Unearthing the Postcolonial in Bram Stoker’s The Snake’s Pass
This paper considers Bram Stoker’s 1890 novel The Snake’s Pass to be a text indicative of the emerging colonial consciousness in Irish Anglican writing of the nineteenth century. The novel is dominated by episodes of literal and figurative unearthing. The constantly shifting bog on which the story is set is quite literally un-earthed: undermined, and unceremoniously dug up by various characters for scientific experimentation, commercial prospecting, and in digging for legendary gold. Similarly, there is a figurative unearthing of Ireland’s pre-colonial history, an excavation of its pseudo-religious, mythic past, which leads to the eventual exorcism of such atavistic beliefs at the close of the novel. The bog itself is also symbolic of Ireland: a wilderness on the fringes of Empire that refuses fixity and defies ownership or control. ‘The Bog Gothic’, Derek Gladwin writes, ‘illustrates the penchant of Irish artists to both extol and discredit the exotic and sublime dimensions of these marginalised landscapes, depicting bogs as untamed wastelands that resist incorporation into modernity and colonialism.’ Moreover, the bog as a profoundly ambivalent space is evocative of the Irish Anglican position during the mid-late nineteenth century, hyphenated between English and Irish identities.
Stoker’s most prominent work, Dracula, has amassed abundant and varied critical attention, one line of investigation arguing that the story exhibits a markedly Irish influence, that it is a parable for absentee landlordism, the Great Famine, the threat of reverse colonialism, and so forth. Stoker’s lesser-known works are shrouded in the shadow of Dracula, meaning that critical material related to these works is few and far between. If we contextualise Stoker and his work as part of a larger movement of Irish, specifically Anglican/Protestant Gothic writing, however, the Irish colonial connection is more explicitly discernible. Through close examination of the colonial consciousness evident in The Snake’s Pass, this paper will suggest that this influence in Stoker’s writing goes beyond any single text, that it threads a thematic link through most (if not all), of his work.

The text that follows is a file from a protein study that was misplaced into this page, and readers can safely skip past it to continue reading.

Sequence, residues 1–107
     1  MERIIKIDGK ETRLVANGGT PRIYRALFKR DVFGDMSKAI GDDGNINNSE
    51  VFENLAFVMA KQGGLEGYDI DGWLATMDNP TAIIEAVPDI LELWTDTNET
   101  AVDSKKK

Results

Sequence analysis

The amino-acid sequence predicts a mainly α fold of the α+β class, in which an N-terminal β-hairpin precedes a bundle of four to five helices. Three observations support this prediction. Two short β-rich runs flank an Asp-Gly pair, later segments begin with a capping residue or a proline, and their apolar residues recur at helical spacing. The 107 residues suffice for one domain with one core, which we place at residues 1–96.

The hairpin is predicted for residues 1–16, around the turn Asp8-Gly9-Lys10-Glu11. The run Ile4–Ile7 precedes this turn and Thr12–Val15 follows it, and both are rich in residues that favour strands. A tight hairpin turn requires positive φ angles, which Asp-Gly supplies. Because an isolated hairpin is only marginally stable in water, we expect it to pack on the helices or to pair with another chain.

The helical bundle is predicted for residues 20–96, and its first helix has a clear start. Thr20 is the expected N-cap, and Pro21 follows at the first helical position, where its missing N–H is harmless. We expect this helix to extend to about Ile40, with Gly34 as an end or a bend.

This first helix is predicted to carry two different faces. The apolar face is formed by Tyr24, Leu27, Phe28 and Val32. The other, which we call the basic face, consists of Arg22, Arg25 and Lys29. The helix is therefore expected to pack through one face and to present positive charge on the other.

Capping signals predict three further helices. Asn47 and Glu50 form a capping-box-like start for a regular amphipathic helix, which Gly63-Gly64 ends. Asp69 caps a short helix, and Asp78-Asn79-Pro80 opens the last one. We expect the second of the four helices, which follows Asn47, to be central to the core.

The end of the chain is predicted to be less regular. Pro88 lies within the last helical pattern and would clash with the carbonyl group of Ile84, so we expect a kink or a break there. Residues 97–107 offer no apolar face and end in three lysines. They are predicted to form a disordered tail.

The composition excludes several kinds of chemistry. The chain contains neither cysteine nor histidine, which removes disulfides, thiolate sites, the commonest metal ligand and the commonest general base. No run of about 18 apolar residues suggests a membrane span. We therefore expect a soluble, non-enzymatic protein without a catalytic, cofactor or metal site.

Derek Gladwin, ‘The Bog Gothic: Bram Stoker’s ‘Carpet of Death’ and Ireland’s Horrible Beauty’, Gothic Studies, 16 (2014), p.40. [pp.39-54]
Beckett and Berkeley: An Encounter
Beckett’s interest in the writings of George Berkeley has become a commonplace in research about Beckett and philosophy. There is plenty of biographical and textual evidence to suggest that Beckett not only read Berkeley with care, but drew inspiration from his philosophical works in his own writing. And yet, very little research has been devoted to what this “interest” might mean for Beckett’s aesthetic practice as a whole beyond examination of specific works where Berkeley is mentioned.
One reason may be that Beckett disparages Berkeley in his letters and writings from the 30’s, tending mostly to reject Berkeley’s ideas. In my paper I would argue that this attitude has dramatically changed after WWII and that Berkeley became an important source of inspiration for the mature Beckett.
An indication of this major shift can be found in Beckett’s Three Dialogues between Samuel Beckett and George Duthuit which is formally modelled on Berkeley’s Three Dialogues between Hylas and Philonous. In this unusual text about the role of the artist Beckett calls for a non-representational art which parallels Berkeley’s rejection of ontological representation in philosophy.
In the paper I will discuss the importance of Berkeley to Beckett’s Three Dialogues and to his theatre and prose works, including The Unnameable, Film and Rough for Theatre I.